July 13, 2010

words and their failures

I am thinking now of the summer years ago when I taught expository writing to a group of 13-14 year olds, about twenty of them. We met every morning for three hours, much too long an interval for them. I broke up the time halfway through by playing a game of ping pong with each of them. Because I’m such a lousy player, this took only 20 minutes.

That day I had given them something very hard and brutal and self-absorbed to read, Joan Didion, I think, and asked them to write their thoughts about it.

One boy, the Korean boy who had taught me to write my name in Kanji, wrote a remarkable thing.

He wrote, with the eloquence that can only be produced by partial mastery of a language, that he couldn’t understand the author’s notion of her splintered, depressed self, because of his religion. His beliefs told him that he was the same stuff as the air and the flowers and the butterflies around him. He used those words, named those things. He said it was not that he was made of the same stuff, not organic chemistry, but that he and I and everything in the room around us were the same all pervading thing, made of one essence and one being, breathing the same breath. He used almost those words, in fact words far more elegant and eloquent, words that I regret having lost more than I regret having lost certain loves, more than I regret having lost precious trinkets. What he said was that he and I were one with everything. He used those words, not knowing them to have been rendered common by the overuse injuries that Americans inflict on language, not knowing them to have become the punchline of a joke.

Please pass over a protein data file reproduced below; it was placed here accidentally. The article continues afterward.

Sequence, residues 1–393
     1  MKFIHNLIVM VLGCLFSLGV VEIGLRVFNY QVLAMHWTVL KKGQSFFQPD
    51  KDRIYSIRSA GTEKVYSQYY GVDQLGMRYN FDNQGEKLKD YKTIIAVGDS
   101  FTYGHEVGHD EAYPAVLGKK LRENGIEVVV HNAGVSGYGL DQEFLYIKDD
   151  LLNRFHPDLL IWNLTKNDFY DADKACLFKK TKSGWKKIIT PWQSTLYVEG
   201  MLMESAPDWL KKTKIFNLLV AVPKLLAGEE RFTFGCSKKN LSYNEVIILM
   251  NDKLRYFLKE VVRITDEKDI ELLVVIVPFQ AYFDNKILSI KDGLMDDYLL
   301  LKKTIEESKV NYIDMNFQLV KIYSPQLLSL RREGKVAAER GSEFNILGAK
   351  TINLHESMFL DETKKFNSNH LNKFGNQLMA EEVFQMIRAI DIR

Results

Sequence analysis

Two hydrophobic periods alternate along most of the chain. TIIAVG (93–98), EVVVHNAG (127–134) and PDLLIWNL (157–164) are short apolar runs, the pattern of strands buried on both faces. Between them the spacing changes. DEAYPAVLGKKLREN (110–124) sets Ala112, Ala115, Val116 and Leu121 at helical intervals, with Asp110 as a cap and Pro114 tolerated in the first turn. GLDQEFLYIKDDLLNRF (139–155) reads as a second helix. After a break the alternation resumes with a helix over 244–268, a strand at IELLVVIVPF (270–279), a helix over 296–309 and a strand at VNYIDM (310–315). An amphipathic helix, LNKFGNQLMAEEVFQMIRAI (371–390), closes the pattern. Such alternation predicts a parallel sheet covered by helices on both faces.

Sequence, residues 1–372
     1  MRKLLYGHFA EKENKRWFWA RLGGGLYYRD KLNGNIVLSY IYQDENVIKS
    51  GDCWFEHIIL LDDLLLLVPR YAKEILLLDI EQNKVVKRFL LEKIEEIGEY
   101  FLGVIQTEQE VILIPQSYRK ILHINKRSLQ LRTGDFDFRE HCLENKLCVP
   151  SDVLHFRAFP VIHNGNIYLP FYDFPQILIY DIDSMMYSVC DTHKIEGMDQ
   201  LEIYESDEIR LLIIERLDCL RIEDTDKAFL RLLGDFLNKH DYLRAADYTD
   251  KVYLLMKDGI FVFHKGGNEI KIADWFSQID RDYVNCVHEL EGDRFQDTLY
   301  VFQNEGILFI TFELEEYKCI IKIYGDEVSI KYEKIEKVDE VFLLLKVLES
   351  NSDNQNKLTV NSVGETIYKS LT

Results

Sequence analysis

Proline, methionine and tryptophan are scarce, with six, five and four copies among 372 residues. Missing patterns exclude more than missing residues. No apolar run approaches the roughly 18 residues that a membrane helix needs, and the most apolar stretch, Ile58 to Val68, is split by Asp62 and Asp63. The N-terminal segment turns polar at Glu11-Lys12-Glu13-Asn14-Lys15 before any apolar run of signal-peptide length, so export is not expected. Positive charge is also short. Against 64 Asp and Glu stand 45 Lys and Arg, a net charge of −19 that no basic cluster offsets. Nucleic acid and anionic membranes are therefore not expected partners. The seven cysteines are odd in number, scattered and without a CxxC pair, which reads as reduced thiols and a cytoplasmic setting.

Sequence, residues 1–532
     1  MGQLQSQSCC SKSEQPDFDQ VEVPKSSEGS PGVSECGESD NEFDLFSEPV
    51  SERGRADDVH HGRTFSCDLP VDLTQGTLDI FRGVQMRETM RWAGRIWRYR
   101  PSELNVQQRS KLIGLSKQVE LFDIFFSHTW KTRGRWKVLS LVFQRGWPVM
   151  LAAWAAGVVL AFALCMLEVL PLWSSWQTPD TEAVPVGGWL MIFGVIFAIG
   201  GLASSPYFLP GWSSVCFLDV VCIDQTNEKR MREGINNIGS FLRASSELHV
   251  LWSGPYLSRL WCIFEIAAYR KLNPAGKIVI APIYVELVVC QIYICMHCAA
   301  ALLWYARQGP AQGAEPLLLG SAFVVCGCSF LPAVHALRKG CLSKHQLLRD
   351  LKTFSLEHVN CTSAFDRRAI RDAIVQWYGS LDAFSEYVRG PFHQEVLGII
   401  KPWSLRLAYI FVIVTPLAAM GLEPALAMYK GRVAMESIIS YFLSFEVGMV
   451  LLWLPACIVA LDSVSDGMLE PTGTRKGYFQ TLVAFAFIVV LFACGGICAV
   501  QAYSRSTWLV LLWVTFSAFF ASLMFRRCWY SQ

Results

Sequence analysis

I am thinking about this boy and his words because I’m in the middle of reading something about love. Nothing like those loves I once regretted losing, but love in the broadest sense. And by consequence I’m thinking about the poverty of English when it comes to words for love, of the specificity with which it can be named in Greek (philia, éros, agápe). Then too, I’m thinking of the beautiful blush on the Korean boy’s face when I tried, and in all certainty failed, to find words to tell him how transcendent was his description of his beliefs, and of his very existence. I envied him then and I envy him now for both his words and his way of being in the world. I feel this way knowing that envy is impossible for him, or was then, anyway, and wishing fervently that it were impossible for me

One Response to “words and their failures

  1. David Gray

    In wishing that envy would be impossible for you, you have declared that you believe it IS possible and you only lack the way to follow. There is a way.

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